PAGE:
elsewhere didn’t work in South Barrington and Randy’s stay was short and his
departure (along with Gene Appel’s) painful. Unfortunately, theirs are a common
story. Rarely does a leader hired from the outside stick.
The new way: Empowering
from the inside.
Many churches are
moving away from models that look to hire leadership from the outside and are
choosing instead to raise up and promote leaders from within. This is what one
might call “home grown leadership.”
Mosaic is one of
many churches that have chosen to adopt this paradigm. Mars Hill (Seattle) has
also gone this route. I mention these two churches because they are both highly
influential and very different from one another. Both have opted to empower
from within and both are reaping the rewards, a few of which include:
- Vision: homegrown
leaders are more likely to get it, own it and live it
- Tested: homegrown
leaders are known by those they lead and by those they answer to long before
they are ever given authority
- Fit: homegrown leaders are already acclimated to and serving in your local context, meaning whether or not they "fit" is never a question
- Loyalty: homegrown
leaders are more likely to be committed to you and the vision of your church for the long haul
occasionally situations arise that require looking for leadership outside of an
organization. Some churches have simply done such a poor job of developing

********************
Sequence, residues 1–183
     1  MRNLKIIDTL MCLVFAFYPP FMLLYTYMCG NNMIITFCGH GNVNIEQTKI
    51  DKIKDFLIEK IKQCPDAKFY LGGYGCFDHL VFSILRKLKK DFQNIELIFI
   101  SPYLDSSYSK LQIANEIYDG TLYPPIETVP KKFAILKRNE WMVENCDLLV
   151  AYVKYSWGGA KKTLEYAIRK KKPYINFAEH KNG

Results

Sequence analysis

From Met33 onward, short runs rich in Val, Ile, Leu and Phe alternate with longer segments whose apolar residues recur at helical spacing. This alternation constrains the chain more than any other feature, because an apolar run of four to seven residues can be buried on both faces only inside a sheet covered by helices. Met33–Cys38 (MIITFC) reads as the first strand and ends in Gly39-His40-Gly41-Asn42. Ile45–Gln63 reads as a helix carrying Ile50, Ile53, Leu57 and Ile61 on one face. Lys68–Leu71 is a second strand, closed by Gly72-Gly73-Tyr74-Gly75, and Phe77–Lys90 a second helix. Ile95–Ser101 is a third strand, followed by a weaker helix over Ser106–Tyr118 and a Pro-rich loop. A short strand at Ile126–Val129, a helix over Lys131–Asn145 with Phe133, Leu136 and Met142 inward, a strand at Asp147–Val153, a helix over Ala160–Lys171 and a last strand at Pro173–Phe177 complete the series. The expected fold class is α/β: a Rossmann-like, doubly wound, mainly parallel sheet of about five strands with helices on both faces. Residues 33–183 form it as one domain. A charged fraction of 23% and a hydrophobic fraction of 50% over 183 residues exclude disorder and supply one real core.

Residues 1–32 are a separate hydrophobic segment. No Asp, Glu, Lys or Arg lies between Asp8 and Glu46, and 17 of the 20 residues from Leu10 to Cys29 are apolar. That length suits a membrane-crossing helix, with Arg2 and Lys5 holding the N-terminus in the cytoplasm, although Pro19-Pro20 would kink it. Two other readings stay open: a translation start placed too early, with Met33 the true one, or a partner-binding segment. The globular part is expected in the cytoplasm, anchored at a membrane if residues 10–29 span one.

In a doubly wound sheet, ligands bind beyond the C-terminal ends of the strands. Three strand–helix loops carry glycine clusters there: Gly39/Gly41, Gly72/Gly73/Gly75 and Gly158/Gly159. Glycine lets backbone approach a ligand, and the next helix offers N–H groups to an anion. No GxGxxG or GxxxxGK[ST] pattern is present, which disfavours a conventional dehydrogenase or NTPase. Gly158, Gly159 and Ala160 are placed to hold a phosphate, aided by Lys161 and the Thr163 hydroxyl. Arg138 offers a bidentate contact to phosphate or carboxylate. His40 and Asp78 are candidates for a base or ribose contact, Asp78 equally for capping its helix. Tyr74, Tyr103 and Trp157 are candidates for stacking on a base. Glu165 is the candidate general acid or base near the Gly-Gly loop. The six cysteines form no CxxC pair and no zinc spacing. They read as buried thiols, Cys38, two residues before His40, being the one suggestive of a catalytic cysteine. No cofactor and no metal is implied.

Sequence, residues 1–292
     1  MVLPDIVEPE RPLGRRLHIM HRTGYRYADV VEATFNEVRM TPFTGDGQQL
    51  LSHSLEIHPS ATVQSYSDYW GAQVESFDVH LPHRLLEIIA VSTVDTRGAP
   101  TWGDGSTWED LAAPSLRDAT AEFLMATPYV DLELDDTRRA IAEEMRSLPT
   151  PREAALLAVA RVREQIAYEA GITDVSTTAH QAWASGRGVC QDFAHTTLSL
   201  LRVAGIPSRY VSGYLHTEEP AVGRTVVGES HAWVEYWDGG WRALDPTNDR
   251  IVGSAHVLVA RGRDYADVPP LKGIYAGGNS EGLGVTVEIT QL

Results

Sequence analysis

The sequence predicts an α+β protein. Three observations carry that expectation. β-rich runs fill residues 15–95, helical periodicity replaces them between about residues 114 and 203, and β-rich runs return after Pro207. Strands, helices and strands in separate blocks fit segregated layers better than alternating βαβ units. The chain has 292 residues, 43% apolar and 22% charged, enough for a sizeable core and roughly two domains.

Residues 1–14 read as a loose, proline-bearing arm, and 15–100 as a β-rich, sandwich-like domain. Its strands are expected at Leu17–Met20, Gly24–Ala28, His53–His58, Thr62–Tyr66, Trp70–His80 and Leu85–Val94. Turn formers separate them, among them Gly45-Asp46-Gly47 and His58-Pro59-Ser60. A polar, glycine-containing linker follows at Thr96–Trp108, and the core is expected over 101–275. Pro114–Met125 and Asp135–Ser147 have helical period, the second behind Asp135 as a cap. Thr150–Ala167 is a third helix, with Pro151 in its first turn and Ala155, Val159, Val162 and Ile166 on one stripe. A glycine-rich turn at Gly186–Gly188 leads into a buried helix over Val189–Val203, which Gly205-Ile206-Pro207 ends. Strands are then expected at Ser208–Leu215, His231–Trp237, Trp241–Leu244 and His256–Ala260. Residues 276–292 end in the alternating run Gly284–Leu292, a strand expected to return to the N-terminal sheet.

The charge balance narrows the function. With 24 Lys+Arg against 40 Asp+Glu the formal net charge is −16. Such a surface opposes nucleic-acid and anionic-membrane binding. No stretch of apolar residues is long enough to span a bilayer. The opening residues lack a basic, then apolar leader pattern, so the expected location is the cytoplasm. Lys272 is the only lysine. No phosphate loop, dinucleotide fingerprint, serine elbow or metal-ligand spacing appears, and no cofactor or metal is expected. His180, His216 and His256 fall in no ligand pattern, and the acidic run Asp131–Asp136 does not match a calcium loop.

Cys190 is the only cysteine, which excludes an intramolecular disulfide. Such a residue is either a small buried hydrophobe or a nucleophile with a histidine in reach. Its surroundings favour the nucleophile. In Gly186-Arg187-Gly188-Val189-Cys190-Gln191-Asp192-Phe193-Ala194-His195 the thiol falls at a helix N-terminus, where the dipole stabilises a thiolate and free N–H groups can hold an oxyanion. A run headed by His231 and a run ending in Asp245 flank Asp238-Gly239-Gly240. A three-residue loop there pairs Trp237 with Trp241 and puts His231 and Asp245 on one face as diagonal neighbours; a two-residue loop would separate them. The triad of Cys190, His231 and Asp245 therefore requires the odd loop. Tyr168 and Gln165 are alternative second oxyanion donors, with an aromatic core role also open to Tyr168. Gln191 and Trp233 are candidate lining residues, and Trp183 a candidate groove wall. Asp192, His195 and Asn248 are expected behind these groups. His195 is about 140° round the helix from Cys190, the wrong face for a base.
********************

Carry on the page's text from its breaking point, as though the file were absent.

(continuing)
leaders (or such a good job of running them off) that there are few, if any,
leaders ready or willing to take the reins. And as I have mentioned, sometimes
promoting leaders from the outside works. But I would recommend this only as a
last resort. Leaders grown and empowered from within are simply more committed,
more dependable, and more likely to champion and embody the vision. So, the
question then is…
Who are your home grown leaders/influencers? These are people that have come to know and
follow Christ as a part of your church and/or have been a part of your faith
community for some time, where they served faithfully with integrity. Are there
any? If not, what does this say about your faith community? What needs to
change? How can you begin investing in and raising up leaders in your church?
Secondly, who are your potentials? Who has the potential to be a homegrown
leader two years from now? Three years from now? Now, what can you do to help these